The Best Reasons to Visit the City of Campeche, Mexico
Campeche is home to beautiful colonial architecture, such as the Chapel of Jesús Nazareno | © Alpineguide / Alamy Stock Photo
On the less-touristy side of the Yucatán Peninsula, the cultured hub of Campeche, Mexico, has a Unesco-listed center, authentic Mexican food and nearby beaches to explore.
With most visitors to the Yucatán Peninsula making a beeline for the beach resorts on the Caribbean side, Campeche, which lies on the Gulf of Mexico coast, is often overlooked. But with hilltop fortresses, colonial-era architecture, buzzing nightlife and just-caught seafood, this richly historic port more than merits a stopover. Here’s a rundown of the reasons why.
There’s maritime and Maya history to explore
© Hemis / Alamy Stock Photo
As a thriving port on an important trade route, Campeche was the constant target of pirate attacks in the 16th century and was thus heavily fortified. Much of the defensive wall from the 17th and 18th centuries still survives, as do two hilltop fortresses that were used to spot and guard against assaults from the sea. They both offer spectacular views over the coast, and one of them, the Baluarte de la Soledad, also houses the Maya Architecture Museum, which is well worth a visit.
It boasts a Unesco-listed city center
© Nathan and Elaine Vaessen / Alamy Stock Photo
A lot of wealth poured into Campeche in the 18th and 19th centuries, much of which is still on display in the wonderfully grand mansions dotted around the historic center. A beautiful main square, the Plaza de la Independencia, fringed with colonial stone arcades, also features a soaring cathedral and leafy central park where locals stroll, sit and shoot the breeze. It’s all easily navigated on foot; alternatively, jump on a vintage tram for a tour around the famously colorful streets.
You’ll find ancient Maya sites within day-tripping distance
Archaeological site, Historical Landmark, Architectural Landmark
© Brian Overcast / Alamy Stock Photo
This region of Mexico features some of the most impressive and best-preserved archaeological sites of the ancient Maya. At under an hour’s drive away, Edzná is the closest major site, featuring a dramatic Great Acropolis and a five-level temple. The better-known Uxmal, with its famed Pyramid of the Magician, is also just a couple of hours away, while the mighty Chichén Itzá is a three-and-half-hour drive away.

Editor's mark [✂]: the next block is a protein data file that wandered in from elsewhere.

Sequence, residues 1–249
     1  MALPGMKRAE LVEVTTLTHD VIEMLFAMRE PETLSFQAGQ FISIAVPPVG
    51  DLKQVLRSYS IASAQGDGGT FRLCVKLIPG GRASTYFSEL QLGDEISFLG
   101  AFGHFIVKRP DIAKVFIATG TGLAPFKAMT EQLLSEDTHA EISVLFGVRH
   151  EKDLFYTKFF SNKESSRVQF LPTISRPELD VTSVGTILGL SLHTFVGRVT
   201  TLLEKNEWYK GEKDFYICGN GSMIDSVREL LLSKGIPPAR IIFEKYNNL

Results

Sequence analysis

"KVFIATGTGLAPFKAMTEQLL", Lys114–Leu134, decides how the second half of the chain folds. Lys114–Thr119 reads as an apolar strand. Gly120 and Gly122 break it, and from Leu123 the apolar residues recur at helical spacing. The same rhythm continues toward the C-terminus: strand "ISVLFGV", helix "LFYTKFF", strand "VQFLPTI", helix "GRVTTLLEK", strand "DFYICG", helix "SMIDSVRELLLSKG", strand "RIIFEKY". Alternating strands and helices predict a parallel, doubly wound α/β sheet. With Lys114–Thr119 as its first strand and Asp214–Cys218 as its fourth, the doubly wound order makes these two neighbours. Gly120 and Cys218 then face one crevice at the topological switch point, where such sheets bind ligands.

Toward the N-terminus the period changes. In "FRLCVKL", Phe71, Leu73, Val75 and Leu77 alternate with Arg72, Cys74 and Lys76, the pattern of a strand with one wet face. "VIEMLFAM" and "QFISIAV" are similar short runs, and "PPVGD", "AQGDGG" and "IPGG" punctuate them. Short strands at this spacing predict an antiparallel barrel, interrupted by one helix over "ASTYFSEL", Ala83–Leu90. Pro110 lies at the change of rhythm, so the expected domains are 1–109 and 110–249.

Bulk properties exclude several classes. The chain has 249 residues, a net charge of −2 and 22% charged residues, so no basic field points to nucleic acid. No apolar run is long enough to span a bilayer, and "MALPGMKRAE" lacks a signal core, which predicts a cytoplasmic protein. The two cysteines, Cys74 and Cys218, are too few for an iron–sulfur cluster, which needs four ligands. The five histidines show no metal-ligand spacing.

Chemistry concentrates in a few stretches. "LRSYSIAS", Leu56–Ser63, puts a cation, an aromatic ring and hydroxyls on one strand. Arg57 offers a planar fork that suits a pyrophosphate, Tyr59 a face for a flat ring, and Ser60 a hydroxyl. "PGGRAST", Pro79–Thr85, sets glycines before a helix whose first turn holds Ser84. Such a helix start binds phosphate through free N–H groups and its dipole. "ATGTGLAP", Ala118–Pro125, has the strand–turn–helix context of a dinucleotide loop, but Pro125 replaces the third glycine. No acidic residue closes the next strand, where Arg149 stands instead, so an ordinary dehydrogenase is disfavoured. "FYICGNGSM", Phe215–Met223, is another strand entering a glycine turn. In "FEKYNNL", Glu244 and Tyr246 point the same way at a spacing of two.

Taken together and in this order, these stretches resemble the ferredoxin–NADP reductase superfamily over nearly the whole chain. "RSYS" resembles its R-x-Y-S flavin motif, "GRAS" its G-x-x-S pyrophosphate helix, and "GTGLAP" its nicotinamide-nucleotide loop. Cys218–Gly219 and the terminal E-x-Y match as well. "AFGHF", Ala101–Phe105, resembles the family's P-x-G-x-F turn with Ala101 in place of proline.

It’s a fabulous place for local seafood
Restaurant, Mexican, $$$
© agefotostock / Alamy Stock Photo
A combination of its coastal setting and superb regional cuisine means Campeche offers some seriously tasty seafood. La Pigua restaurant is renowned for its fish-focused menu – its fried crab tostadas and breaded shrimp served in half a coconut are two firm favorites. Ceviche fans should drop anchor at Marganzo, which is also the top diner in the city for raw sea-sourced delicacies such as super-fresh oysters. For an extra treat, try its seafood “fountain” with lobster.
You’re surrounded by some of the best beaches in Mexico
© imageBROKER / Alamy Stock Photo
Just a couple of hours up the coast is the sleepy beach town of Celestún, with a lovely long stretch of white sand overlooking the Gulf of Mexico. The whole area around here is a biosphere reserve, most famous for its seasonal flamingos. To the south is the still relatively unknown but beautiful beach resort and quaint colonial town Ciudad del Carmen. You’re also within road-tripping distance of the idyllic sands of Tulum, on the popular Caribbean side of the peninsula.
The best places to stay are in storied buildings
Courtesy of Casa Don Gustavo Boutique Hotel / Expedia
With such a well-preserved historic center, it’s no wonder many of the colonial-era residences have been converted into boutique hotels. The Casa Don Gustavo Boutique Hotel is one such place, occupying a charming 18th-century mansion that feels like stepping back in time. Another top luxury pick on the outskirts of the old town is the Hacienda Puerta Campeche, comprising restored 16th-century haciendas (farms) with a secluded pool surrounded by ancient stone walls.
You can salsa the night away on buzzy Calle 59
© ONLY FRANCE / Alamy Stock Photo
The ever-popular nightlife strip in the city is home to numerous bars and restaurants that spill out onto the pedestrianized Calle 59. It’s a great street to wander, choose a table and drink while soaking up the balmy, buzzing atmosphere. Friday night is when it really comes alive, with the promise of open-air salsa parties where everyone from novices to seasoned dancers wiggles their hips to lively local bands.
Get real local flavor at Mercado Principal
© Mittelhaeuser Photography / Alamy Stock Photo
There’s nothing like visiting the main market in most towns to really immerse yourself in the sights, sounds and, well, smells of a place – and the Mercado Principal in Campeche is no different. Across the street from the Baluarte de San Pedro, this bustling hive of commerce sells everything from just-off-the-boat seafood to precarious piles of fruit and vegetables. Also, there are numerous street-food stalls here serving local specialties, such as steaming tamales and tacos.
These recommendations were updated on October 20, 2021 to keep your travel plans fresh.